I recently went to my high school’s ten year reunion. There is something decisive about a decade. I am no longer just a few years out of high school, no longer just a few years out of college and thirty is coming up fast. You can’t help but get to thinking, “What have I been doing with myself?” Or the more dangerous version that can easily devolve into self-loathing angst, “What have I accomplished in life?”
I blame Oprah. She always makes me feel not only like I could be doing better, but that, indeed, it’s 100 percent on me. I just need to think positive and put my mind to it! So far, I’ve decided to stop reading magazine features about the “Hot 30 under 30,” which seems to be helping.
With the reunion as a resounding reminder that the years really have marched by, I’m thinking back for the first time on the entire sweep of my life since high school.
I stopped keeping a diary in high school. I was wise enough at that age to look at the things I was writing down and to see that they would mortify me years down the road. Without a written record, it’s easier to pretend we were bigger people than we really were, that we didn’t spend hours mooning over some doofy little boy who didn’t even know we existed and wasn’t worth the pain anyway. There are some things worth forgetting.
Right now, I’m trying to remember what it was like to be eighteen. I have to remind myself how little I really knew back then. My world was very small – Portland seemed like a big, exotic city to my eighteen-year-old self. Among the things I was exposed to in that first year of college were: vegans, gay people, sushi, organic gardening, skinny-dipping, bone-dry cappuccinos, tofu, bluegrass music, pot, microbrewed beer, dumpster diving, Critical Mass, carbon emission credits, Islam, hookahs, and cross-country skiing. I also got my first email address. And that was just year one!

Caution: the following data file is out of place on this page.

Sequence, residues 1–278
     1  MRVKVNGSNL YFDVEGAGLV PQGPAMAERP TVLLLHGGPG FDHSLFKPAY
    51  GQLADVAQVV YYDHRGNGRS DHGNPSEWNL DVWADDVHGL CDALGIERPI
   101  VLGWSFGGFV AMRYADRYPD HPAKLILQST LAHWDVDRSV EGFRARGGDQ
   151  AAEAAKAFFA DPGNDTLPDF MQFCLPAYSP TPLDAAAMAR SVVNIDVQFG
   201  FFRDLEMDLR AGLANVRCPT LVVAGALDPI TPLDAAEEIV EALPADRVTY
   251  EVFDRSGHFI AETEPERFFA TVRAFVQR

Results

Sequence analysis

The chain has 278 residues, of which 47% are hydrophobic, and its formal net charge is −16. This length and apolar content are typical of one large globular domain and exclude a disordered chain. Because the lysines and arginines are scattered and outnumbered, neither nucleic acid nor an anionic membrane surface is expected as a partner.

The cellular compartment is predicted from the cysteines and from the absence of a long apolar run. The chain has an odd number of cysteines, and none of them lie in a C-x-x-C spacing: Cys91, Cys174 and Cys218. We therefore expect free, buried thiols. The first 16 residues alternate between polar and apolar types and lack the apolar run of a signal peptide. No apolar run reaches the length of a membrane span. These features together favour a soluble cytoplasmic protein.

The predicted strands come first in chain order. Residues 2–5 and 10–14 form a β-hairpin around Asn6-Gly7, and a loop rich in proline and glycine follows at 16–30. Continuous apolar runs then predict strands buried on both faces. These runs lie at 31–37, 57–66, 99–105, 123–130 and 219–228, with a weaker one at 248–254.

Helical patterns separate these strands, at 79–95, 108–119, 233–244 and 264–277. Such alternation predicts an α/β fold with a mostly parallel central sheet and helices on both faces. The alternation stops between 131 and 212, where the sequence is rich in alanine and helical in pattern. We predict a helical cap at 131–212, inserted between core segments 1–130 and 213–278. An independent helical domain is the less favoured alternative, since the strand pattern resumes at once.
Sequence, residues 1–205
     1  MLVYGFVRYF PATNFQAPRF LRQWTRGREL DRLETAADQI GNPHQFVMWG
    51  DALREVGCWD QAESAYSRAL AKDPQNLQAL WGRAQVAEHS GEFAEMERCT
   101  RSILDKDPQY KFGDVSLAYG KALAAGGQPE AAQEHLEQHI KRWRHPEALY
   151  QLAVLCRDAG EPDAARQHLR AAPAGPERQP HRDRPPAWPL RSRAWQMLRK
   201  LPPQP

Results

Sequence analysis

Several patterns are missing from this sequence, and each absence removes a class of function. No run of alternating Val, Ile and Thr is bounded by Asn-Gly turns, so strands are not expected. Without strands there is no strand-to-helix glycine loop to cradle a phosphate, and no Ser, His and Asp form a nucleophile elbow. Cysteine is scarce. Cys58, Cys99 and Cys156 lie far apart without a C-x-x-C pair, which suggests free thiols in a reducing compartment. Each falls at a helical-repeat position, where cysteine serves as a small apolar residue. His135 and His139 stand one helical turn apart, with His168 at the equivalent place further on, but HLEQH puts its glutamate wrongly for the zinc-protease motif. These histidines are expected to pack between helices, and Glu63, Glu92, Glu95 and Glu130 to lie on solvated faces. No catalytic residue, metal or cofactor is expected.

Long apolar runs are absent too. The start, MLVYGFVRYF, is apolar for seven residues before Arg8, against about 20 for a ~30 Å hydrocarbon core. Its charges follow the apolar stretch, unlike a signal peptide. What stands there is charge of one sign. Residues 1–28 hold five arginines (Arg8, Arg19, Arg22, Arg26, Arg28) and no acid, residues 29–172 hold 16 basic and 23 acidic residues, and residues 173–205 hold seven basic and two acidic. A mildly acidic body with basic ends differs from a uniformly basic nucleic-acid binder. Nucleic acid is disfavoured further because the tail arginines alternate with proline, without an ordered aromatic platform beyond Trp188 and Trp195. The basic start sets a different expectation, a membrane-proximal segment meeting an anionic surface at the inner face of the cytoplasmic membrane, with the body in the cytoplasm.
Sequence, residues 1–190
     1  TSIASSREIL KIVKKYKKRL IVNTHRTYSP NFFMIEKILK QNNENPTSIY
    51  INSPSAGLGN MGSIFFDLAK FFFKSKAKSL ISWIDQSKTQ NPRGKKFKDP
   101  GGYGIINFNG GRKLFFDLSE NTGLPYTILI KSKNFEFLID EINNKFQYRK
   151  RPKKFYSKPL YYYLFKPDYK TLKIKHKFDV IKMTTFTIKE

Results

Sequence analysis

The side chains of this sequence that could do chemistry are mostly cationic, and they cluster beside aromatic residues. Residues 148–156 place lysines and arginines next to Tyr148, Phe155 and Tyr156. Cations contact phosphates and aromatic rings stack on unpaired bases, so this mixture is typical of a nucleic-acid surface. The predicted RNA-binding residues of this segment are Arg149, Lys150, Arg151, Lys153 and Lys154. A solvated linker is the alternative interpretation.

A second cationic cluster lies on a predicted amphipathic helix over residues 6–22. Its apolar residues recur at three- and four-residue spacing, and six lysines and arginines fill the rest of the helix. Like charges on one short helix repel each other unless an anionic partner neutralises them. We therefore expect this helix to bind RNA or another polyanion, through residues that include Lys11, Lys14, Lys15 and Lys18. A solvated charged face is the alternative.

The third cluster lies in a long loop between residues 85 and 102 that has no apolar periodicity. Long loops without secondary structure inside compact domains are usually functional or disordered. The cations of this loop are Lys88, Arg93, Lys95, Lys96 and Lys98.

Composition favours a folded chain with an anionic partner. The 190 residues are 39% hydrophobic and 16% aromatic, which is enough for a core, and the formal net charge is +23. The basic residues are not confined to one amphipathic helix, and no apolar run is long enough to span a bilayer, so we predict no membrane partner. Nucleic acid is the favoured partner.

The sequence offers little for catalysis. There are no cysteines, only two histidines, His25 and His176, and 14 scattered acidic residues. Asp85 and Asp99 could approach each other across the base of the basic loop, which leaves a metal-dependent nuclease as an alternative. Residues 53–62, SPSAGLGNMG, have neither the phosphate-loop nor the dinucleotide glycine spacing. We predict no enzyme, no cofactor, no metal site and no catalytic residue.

I loved those college years so much because, like high school, there were clear rules for success. I worked hard in my classes, studied, listened and asked questions and, in turn, I got good grades and honors on my thesis. However, the moment I graduated, the idea that life made sense and there is a clear formula for success, indeed a clear definition for success, was completely upended. I was thrown into a full-blown panic about what to do with my life. I would literally wake up at three in morning in sheer terror that if I didn’t do well at my current unpaid internship, I would undoubtedly fail in life and never get a fulfilling, paying job and, also, I would probably never find a boyfriend. I sent out resume after resume and penned a million cover letters. Everything I’d learned in 22 years didn’t count for much.